Agricultural solar energy can help increase the productivity, efficiency, and sustainability of the agricultural sector, by providing reliable and clean and affordable energy, water, and food.

    Agricultural solar energy can also be either photovoltaic or thermal, depending on the application and the demand.

    Some examples of agricultural solar energy are:

    • Solar irrigation systems use solar pumps to draw water from wells, rivers, or lakes, and distribute it to the crops or the animals, using sprinklers, drip lines, or troughs.
    • Solar greenhouses take advantage of solar collectors to heat water or air, and circulate it inside the greenhouse, to create a favorable microclimate for the plants, and extend the growing season.
    • Solar dryers employ  solar collectors to heat air, and blow it through the crops, such as fruits, vegetables, grains, or herbs, to reduce the moisture content and prevent spoilage.
    • Solar refrigerators use solar cells to power compressors or solar thermal energy to power absorption chillers which in turn  provide cooling for the storage and transportation of agricultural products.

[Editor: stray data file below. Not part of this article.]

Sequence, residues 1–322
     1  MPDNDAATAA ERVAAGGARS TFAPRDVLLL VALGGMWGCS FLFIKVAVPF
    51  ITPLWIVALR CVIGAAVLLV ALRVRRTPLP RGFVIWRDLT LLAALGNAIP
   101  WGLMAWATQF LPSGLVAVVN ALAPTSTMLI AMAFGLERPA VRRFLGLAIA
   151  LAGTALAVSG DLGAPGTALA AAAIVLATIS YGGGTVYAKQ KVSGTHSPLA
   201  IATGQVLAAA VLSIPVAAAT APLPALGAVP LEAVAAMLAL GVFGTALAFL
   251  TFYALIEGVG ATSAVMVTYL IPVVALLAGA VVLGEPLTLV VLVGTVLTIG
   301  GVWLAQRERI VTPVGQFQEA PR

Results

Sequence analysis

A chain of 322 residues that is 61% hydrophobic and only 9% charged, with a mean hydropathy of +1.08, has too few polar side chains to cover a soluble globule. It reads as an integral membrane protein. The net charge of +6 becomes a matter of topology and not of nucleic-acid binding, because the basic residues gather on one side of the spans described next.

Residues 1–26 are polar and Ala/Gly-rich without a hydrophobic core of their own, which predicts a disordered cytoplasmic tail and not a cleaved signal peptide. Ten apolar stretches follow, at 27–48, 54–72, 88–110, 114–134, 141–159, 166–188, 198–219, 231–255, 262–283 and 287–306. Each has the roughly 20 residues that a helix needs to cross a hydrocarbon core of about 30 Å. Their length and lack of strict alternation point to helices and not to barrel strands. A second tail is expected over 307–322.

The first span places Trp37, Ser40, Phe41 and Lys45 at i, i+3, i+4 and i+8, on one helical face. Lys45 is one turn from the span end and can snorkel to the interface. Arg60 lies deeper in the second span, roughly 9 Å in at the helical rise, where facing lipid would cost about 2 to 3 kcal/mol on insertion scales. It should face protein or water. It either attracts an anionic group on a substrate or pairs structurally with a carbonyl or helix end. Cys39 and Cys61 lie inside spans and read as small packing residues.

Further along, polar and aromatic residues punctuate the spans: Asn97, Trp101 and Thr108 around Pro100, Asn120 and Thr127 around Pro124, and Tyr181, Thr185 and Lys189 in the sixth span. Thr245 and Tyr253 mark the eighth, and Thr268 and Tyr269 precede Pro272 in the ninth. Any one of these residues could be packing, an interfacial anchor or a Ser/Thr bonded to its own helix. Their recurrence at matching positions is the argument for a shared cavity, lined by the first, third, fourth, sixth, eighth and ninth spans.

• Solar fences use  solar cells to charge batteries that power electric fences that  protect the crops or the animals from predators or intruders.

    Environmental Solar Energy

    Environmental solar energy is the use of solar energy to power environmental applications, such as water treatment, waste management, or pollution control.

    Environmental solar energy can help protect the environment, conserve natural resources, and improve the quality of life of the people and the ecosystems. Environmental solar energy can also be either photovoltaic or thermal, depending on the technology and the objective.